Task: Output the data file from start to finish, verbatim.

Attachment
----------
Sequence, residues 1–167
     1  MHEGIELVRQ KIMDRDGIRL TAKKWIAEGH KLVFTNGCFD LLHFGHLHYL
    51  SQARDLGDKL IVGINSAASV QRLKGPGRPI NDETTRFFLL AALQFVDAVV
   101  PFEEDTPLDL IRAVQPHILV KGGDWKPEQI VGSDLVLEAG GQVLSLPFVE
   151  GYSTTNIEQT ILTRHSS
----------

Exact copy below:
Sequence, residues 1–167
     1  MHEGIELVRQ KIMDRDGIRL TAKKWIAEGH KLVFTNGCFD LLHFGHLHYL
    51  SQARDLGDKL IVGINSAASV QRLKGPGRPI NDETTRFFLL AALQFVDAVV
   101  PFEEDTPLDL IRAVQPHILV KGGDWKPEQI VGSDLVLEAG GQVLSLPFVE
   151  GYSTTNIEQT ILTRHSS